Repeat Customer Insights adds some powerful analysis on top of your Shopify customer data, but some customers have asked for how to combine that analysis with data that's still stuck in Shopify.
Shopify has customer data like customer addresses, phone number, and tax status which aren't downloaded or used by Repeat Customer Insights.
The best way to combine that data is using a simple merge function in a spreadsheet.
1. Export your customer data
The first step is to export your customer data from both Shopify and Repeat Customer Insights.
Both exports are in the common CSV format which spreadsheets can use.
2. Create a spreadsheet to hold the data
Next you'll want to create a spreadsheet for the data.
I'm using Google Sheets because it's easy to share but any spreadsheet should work. At the end is an example spreadsheet you can copy.
You'll want to create two sheets for the export data:
- the Shopify export
- the Repeat Customer Insights export
You're keeping the export data in separate to make it easy to check the data and to update in the future.
I named mine:
- RAW Shopify
- RAW Repeat Customer Insights
3. Copy the exported data into the sheets
Copy the raw data from the two exports into their specific sheets.
Make sure the data comes across as rows and columns and looks "sane". Sometimes a copy and paste will act oddly so if the data doesn't look right, try again.
4. Duplicate the Shopify sheet
With the exported data loaded, now copy the entire Shopify sheet to create a third one. Google Sheets calls this "Duplicate".
You'll modify this duplicated sheet so it'll act as a merged sheet.
5. Magic formula time
Now for the important part.
To merge the two exports, we're going to use the Vertical lookup formula, better known as
VLOOKUP. Both Google and Excel use a similar formula.
We're going to start by pulling in the Recency Score from Repeat Customer Insight's data.
Here's the formula in its entirely, I'll break it apart next:
=IFERROR(VLOOKUP($C2,'RAW Repeat Customer Insights'!$C:$P,8,false),"")
5.1. Error handling
The first part is an
IFERROR formula which we use to hide any errors.
VLOOKUP can't find the data, it'll show an ugly
N/A error in the cell.
IFERROR can hide that and just show a blank value using the empty string at the end of the full formula. This is needed because Shopify will include records in their customer export of non-customers while Repeat Customer Insights only includes actual paying customers.
5.2. Search by email address
In the Shopify export data, the email address is the C column so that's the first part of the
VLOOKUP. We want to "pin" just the column with the dollar sign so when we copy this formula, the spreadsheet doesn't automatically change the column on us.
5.3. Lookup range
VLOOKUP will take that email address and search for it in another range of data. In this case, the data is on another sheet called "RAW Repeat Customer Insights".
The range includes all of the columns from C through P. They are also pinned so the spreadsheet doesn't shift them when we copy the formula.
5.4. Column that has the data we want
Next, we need to tell the formula which column of data to give us when it finds a match. These columns are numbered based on the Lookup range.
Since we want Recency, we start counting in the Repeat Customer Insights sheet until we get to that column.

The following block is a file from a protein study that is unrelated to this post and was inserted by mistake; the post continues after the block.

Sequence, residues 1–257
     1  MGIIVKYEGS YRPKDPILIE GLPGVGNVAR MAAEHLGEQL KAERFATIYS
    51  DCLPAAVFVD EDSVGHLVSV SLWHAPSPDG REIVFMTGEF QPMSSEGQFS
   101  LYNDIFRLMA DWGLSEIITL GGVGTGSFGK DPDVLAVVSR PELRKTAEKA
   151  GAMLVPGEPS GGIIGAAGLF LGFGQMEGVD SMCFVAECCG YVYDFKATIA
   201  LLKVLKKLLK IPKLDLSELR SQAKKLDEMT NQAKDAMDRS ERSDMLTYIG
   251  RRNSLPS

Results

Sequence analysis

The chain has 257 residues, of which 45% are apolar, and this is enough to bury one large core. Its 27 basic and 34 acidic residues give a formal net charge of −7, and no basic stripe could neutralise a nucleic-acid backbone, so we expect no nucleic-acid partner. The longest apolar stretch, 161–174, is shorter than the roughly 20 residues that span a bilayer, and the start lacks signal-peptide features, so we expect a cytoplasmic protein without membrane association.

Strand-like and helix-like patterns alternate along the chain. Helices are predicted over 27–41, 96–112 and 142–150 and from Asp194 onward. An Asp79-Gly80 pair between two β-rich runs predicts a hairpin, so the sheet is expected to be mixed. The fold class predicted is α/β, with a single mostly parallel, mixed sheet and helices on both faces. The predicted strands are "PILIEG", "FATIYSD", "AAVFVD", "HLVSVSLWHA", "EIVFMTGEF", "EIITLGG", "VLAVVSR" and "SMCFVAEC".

5.5 Sorted or match type
VLOOKUP formula has some final options depending on if you're using Google Sheets or Excel.
In Sheets, the last value controls if the data is sorted or not. It defaults to TRUE which we want to change to FALSE.
In Excel, this is used to set the match type: either exact or approximate match. You'll want to use the default value of TRUE here.
6. Fill the data down for the entire column
Once you have the formula entered, you can fill the formula down the rest of the column for the remaining customers.
There are various ways to do this, I typically highlight the formula cells and then the remaining ones and press
7. Check the data
With that formula entered, you should see some data showing up.
If not, double check that the email address is in Repeat Customer Insights. Shopify allows customers to be entered without having an order, while Repeat Customer Insights only includes customers who have placed an order. That means Shopify's export might have customers who aren't analyzed as part of Repeat Customer Insights.
8. Repeat steps 5-7 as needed
At this point, you've merged one column from Repeat Customer Insights into Shopify's data.
Repeat steps 5-7 for each other column you want merged.
Remember to change the column number in the formula as you copy it (Step 5.4).
Updating the data
Later on you might want to update the data.
You'd repeat the export steps above (#1, #2, and #3) but you'll want to delete the existing data before copying it into your main spreadsheet.
Then you'll want to also copy the new Shopify data into the merged sheet (#4). That will save you from having to re-enter the formulas.
But you'll still need to Fill down the formulas (#6) for the newly added customers.
This showed you the process to merge Repeat Customer Insight's deep customer analysis with Shopify's data.
To take it one step further, you can start to filter and slice-n-dice the data to define customer segments, geo-target customers, or anything else your heart desires.
For that, the auto-filter and standard filter functions of a spreadsheet will be your friends.
I've gone through this process in an example Google Sheet.
While you can use it as a starting point, it's probably better used as an example of how the formulas and data is organized.
With this you should have everything you need to combine Shopify's customer data with Repeat Customer Insights analysis and segmentation.